Community Council News Release 11 August 2023
Tiny Scots Community Fights Back
A small village community in rural Perthshire has today asked a campaigning pressure group to "step back and leave it alone", claiming the group is undemocratic, misinformed and completely unrepresentative of the wishes of local folk.
The 200 strong tiny communities of Kenmore and neighbouring Acharn border a major development of the Taymouth Castle Estate on banks of the river Tay. American investors have plans to renovate the failing castle - acclaimed as one of the finest examples of a baronial castle in Scotland - restore the dilapidated golf course, and build 145 exclusive houses in a very prestigious project. Local people are largely in favour of the development which they see as improving the fabric of the area and recreating a vibrant social community, turning holiday let cottages into permanent homes for families who will come to work on the estate. The development is estimated to bring at least 200 jobs into the area and support just as many third party jobs.
But both the developers, Discovery Land Company (DLC), and local people have come under attack by a pressure group called Protect Loch Tay which has set itself against the development claiming that it will ruin the area. The group claims to have many thousands of supporters from around the world but when local people voice their support on Facebook for the project or highlight the benefits it will bring to the local area, their voices are censored.
"Its great that people are showing an interest in our area but unfortunately many of their concerns are based on misinformation, scaremongering and in some cases what seems like malicious conjecture." said Colin Morton of the Kenmore and District Community Council."We have been patient with this group but that patience is now running out. Many of the facts have been ignored. The castle, golf course and grounds, wonderful national as well as local assets, were in dire disrepair and in danger of being lost forever. That trend has now been reversed by the very significant investment being made.
"The development project has started to bring new people into the community, put more kids into the schools and create a new vibrancy in the area. Kenmore village was largely all holiday lets but now we have real residents again, people who will work here and use the bars and restaurants and shops when all the holidaymakers have gone home. The future looks much brighter and more sustainable than before."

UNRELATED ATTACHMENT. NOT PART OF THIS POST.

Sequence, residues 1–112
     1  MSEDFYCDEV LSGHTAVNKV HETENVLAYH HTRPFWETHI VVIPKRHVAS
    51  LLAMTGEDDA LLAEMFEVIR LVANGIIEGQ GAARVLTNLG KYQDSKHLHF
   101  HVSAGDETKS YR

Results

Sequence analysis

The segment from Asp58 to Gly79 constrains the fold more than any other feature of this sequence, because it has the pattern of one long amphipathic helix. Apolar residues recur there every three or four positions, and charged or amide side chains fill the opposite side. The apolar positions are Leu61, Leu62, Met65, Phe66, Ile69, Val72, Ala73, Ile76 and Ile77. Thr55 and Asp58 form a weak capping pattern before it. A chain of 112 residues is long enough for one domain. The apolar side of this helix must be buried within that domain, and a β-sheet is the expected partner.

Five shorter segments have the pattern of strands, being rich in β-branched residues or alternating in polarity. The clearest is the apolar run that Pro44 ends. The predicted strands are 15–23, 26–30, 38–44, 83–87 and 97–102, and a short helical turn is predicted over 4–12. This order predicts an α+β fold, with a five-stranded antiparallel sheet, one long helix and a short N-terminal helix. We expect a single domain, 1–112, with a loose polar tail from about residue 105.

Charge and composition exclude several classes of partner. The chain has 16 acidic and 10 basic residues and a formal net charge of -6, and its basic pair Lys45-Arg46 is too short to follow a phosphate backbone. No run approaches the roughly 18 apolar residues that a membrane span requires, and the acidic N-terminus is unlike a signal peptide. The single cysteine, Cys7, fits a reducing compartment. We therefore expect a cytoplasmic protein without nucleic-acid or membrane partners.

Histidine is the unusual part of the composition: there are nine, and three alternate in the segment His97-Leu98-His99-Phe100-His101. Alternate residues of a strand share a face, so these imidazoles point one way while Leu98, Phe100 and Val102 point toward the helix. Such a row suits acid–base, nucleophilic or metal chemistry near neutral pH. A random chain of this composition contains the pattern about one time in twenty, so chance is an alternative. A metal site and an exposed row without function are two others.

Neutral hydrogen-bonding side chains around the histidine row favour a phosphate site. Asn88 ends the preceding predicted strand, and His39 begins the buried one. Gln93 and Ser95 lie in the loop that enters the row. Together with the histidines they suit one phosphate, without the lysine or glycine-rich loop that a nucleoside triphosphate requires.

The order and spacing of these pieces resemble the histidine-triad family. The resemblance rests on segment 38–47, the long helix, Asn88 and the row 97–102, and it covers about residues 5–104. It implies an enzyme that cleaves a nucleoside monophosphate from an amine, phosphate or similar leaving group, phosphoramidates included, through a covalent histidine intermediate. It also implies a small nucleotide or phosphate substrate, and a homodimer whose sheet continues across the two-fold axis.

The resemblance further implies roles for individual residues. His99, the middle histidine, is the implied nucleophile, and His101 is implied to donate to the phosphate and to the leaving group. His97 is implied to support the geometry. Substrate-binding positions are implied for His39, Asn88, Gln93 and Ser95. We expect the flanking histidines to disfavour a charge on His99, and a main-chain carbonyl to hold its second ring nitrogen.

The Community Council points out that many positives have resulted from a constructive and collaborative relationship with the estate developers, including improvements to the beach area, sponsorship of the Christmas festivities and Highland Games, and improvements to the general look and upkeep of the buildings and the village square.
Chair of the Community Council, Peter Ely, said: "We have had a very positive working relationship with the developers who have listened to our concerns and wishes. As a result we already have significant improvements to our loch side and our village. The developers are saving our village shop from closure, created new community facilities, and are working with our Community Council to develop more plans for the revitalisation of the area."
"We really don't need anonymous people from all round the world telling us how to manage our wee community. We have a wide range of experience on the Council and through local volunteers, and are perfectly capable of deciding what is best for our area in a democratic, open and inclusive way. All the Community Councils in the wider area are also very supportive, and so is Perth and Kinross Council, and that says a lot."
However, people claim the members-only pressure group's social media is far from open and democratic: "Whenever anyone steps up to defend the development or the Community Council they either get abuse or are booted out the group. I was expelled just for saying that I thought the Community Council had done a great job.” said local resident Joanne Howie. "I know of many others who have had a similar experience. You have to wonder what their motivation is."
Local hospitality businesses are also suffering as media attention has holidaymakers nervous about coming to the area: "We know that businesses have customers trying to cancel bookings because they have been told by this group that we have big problems here. Nothing could be further from the truth" said local business owner Shirley Shearer. "Kenmore is even more beautiful than before and a fun and lively place to visit."
Colin Morton proposed alternative ways for folk to support the Kenmore community: "There will be negatives and positives to come for us and we are largely very optimistic but we need to be left alone to manage this ourselves. If people really want to help our community then come along to clean up the loch side of litter, or volunteer to help at our Christmas festivities, or at our Highland Games. That would be very welcome."
1. Details of the Community Council's meetings with DLC, the Council's position on the the castle development, and their response to the questions put to them by the local community, are available on the Kenmore and District Community Council website: www.kenmore-and-district-cc.org.uk
2. Kenmore & District Community Council is working with: Perth and Kinross Council; Aberfeldy CC; Dull and Weem CC; Glen Lyon and Loch Tay CC; Killin CC; Mid Atholl CC; Loch Tay Association; the Crannog Centre; Kenmore Sports Association; the Upper Tay Paths Group; Taymouth Marina and other local businesses to help steer the investment and ensure that the wider community gains maximum benefit for its people.
3. Protect Loch Tay admitted in their closed Facebook page on Thursday 10 August that they remove members whose comments contradict the “aims and intentions" of the group. New members must pass a vetting process.
Kenmore and District Community Council